Navigating today's bond market is a treacherous business. Bonds,
in my view, are in a bubble. Yields are too low and when they rise,
as they surely will, prices of most bonds will fall. No one can
tell you when the next bond bear market will begin, but it will pay
to be prepared. This article offers my best picks for avoiding
losses, and making small profits, when bond yields begin a
Contrary to all expectations, the bond market has stormed ahead
so far this year--that is, yields have fallen and prices, which
move in the opposite direction of yields, have climbed. The best
performers have been high-quality, long-term bonds. Case in point:
So far in 2014, Vanguard Long-Term Treasury (symbol
) has returned a sizzling 10.1%. (All returns in this article are
through June 10.)
The Vanguard fund yields a meager 3.1%. That's just about what
inflation has averaged annually over the long term. If consumer
prices rise by that much over the next 20 or 30 years, you'll
probably earn no more than the fund's yield over that period,
allowing you to break even in real terms.
That's the optimistic case. What's the downside? Consumer prices
could rise at a faster pace, which would almost certainly push up
bond yields. Indeed, because yields are so low today, they're
likely to rise without any appreciable increase in the inflation
rate. Should yields on bonds of similar maturities rise by one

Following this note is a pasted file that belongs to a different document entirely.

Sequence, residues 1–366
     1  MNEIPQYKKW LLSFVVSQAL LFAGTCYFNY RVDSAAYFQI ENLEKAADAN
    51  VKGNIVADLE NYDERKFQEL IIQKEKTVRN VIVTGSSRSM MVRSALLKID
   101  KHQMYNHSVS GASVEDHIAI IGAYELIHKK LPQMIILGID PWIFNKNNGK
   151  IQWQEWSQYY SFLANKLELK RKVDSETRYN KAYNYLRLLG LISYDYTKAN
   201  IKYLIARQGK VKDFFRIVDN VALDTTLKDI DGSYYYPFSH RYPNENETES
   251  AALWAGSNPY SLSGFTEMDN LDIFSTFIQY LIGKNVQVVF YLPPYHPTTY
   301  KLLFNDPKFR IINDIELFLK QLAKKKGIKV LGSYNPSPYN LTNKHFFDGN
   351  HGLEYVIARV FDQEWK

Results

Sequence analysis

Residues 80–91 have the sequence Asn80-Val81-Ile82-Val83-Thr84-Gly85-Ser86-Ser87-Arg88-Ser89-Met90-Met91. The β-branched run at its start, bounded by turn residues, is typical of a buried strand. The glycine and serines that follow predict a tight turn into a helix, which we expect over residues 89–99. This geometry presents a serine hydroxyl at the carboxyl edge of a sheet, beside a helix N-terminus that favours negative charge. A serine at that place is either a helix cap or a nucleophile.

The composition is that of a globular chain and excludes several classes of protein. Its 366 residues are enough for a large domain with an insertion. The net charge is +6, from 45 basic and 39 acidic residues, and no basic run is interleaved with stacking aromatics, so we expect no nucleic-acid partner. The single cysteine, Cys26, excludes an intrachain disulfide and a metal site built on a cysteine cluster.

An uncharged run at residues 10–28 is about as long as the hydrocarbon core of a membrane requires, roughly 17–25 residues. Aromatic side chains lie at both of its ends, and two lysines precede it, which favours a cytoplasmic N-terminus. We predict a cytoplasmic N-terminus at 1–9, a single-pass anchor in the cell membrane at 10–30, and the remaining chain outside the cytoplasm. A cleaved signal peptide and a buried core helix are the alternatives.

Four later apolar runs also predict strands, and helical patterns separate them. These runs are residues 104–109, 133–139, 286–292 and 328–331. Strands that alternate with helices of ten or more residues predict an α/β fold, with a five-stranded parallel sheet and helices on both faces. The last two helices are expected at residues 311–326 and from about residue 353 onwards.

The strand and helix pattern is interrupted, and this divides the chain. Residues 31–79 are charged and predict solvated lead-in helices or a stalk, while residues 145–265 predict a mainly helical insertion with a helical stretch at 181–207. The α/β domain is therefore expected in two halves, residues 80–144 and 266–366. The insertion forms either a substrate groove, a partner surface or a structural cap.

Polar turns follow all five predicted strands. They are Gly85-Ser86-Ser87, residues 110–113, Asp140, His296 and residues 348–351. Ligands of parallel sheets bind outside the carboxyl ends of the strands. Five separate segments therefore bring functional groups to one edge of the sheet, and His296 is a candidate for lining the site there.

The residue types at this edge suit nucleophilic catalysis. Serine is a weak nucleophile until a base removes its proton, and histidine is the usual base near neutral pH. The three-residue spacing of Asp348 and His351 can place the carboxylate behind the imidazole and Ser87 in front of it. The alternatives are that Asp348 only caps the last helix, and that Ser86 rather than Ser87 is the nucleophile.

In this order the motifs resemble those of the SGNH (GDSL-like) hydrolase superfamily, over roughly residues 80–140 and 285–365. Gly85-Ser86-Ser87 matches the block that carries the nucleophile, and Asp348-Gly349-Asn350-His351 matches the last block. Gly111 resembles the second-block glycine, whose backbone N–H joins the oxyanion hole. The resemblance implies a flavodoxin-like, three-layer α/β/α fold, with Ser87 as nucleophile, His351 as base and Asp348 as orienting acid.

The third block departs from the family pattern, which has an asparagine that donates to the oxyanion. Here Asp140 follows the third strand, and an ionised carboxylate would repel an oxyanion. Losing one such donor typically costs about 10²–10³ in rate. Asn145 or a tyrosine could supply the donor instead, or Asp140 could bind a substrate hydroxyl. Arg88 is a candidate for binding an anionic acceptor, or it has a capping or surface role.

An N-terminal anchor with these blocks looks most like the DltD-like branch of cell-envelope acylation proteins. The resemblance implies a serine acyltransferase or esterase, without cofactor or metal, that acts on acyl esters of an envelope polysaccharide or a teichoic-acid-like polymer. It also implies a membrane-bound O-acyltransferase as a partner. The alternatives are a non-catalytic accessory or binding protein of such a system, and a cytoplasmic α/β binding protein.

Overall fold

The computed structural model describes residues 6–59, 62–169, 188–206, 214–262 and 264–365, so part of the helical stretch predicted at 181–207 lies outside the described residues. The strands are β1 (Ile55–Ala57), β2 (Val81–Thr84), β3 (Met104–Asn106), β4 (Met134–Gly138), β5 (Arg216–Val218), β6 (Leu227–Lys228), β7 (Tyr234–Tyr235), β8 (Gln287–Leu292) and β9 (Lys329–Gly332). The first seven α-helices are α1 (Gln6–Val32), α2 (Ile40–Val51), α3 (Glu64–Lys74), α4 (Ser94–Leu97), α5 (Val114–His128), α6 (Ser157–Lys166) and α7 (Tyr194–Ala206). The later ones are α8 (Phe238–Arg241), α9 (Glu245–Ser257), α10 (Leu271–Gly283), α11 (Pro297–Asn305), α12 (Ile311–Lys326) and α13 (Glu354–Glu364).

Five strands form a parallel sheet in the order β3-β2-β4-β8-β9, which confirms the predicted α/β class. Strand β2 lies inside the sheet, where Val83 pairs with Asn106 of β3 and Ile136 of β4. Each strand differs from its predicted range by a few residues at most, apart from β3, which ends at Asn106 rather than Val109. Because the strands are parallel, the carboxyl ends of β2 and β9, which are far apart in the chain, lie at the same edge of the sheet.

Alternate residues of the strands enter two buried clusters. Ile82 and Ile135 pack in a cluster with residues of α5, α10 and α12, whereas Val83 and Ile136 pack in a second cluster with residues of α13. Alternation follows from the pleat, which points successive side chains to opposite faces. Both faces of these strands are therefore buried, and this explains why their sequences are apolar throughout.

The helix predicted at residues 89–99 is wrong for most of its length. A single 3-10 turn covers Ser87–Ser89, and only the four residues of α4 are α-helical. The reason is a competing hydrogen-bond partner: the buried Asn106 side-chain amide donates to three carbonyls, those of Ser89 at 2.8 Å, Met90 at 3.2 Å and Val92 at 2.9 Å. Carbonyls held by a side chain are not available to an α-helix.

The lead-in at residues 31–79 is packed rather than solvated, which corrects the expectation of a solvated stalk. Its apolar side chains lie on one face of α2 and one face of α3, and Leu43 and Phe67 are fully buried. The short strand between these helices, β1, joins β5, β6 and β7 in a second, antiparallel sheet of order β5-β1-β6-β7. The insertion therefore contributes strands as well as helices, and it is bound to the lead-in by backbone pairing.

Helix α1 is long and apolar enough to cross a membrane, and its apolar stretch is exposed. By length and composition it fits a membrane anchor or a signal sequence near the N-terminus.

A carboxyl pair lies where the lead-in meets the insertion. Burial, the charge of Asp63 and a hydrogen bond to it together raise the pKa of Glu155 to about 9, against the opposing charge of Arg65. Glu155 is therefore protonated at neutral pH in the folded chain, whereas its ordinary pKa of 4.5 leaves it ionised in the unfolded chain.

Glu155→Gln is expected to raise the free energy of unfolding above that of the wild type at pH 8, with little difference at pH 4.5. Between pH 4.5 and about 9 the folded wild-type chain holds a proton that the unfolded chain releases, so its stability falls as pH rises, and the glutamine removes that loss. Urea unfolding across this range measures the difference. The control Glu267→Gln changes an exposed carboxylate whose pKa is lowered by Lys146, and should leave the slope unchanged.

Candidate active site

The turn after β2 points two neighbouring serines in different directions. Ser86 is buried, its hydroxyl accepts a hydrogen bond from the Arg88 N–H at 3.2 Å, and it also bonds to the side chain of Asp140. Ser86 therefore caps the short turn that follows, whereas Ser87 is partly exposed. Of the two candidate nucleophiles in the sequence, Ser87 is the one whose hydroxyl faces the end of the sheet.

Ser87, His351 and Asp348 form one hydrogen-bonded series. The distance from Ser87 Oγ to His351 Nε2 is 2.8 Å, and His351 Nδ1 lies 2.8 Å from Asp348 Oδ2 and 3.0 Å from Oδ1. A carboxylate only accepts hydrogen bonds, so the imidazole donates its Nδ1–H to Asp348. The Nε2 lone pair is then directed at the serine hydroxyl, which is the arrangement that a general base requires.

percentage point, this fund's price will plunge a jaw-dropping
15.3%. That's, of course, without even considering the impact of
inflation. So much for the safety of Treasury bonds.
Unfortunately, the odds of yields staying flat or falling are
negligible. Thanks to the Federal Reserve's actions, bond yields
are far below their historical averages.
With the economy continuing to grow and the Fed gradually taking
its foot off the easy-money pedal, bond yields have nowhere to go
but up. That means that bond prices will fall.
The risks aren't confined to Treasuries. Junk bonds, which are
issued by companies that stand an above-average chance of
defaulting on their obligations, are perilously pricey. On average,
junk bonds yield only about 3.8 percentage points more than
Treasuries. Martin Fridson, a longtime junk bond analyst, says that
high-yield bonds have gone from "extreme overvaluation" to "very
Thanks to fears of deflation and the actions of central bankers
almost everywhere, yields are low across the globe. Portugal, which
appeared headed for default two years ago, now pays about 3%
interest on ten-year government bonds. Spain and Italy both pay
less than 2.5%--about the same, stunningly, as Uncle Sam pays on
Treasuries. Japan and Switzerland pay less than 1%.
Below are my picks for the best funds for this dangerous market,
listed from lowest risk to highest risk. To try to boost returns,
these funds delve into odd corners of the bond world. None takes a
conventional approach to bond investing.
FPA New Income (
) aims first and foremost not to lose money. Since FPA took over
the fund in 1984, it has never suffered a down year, although it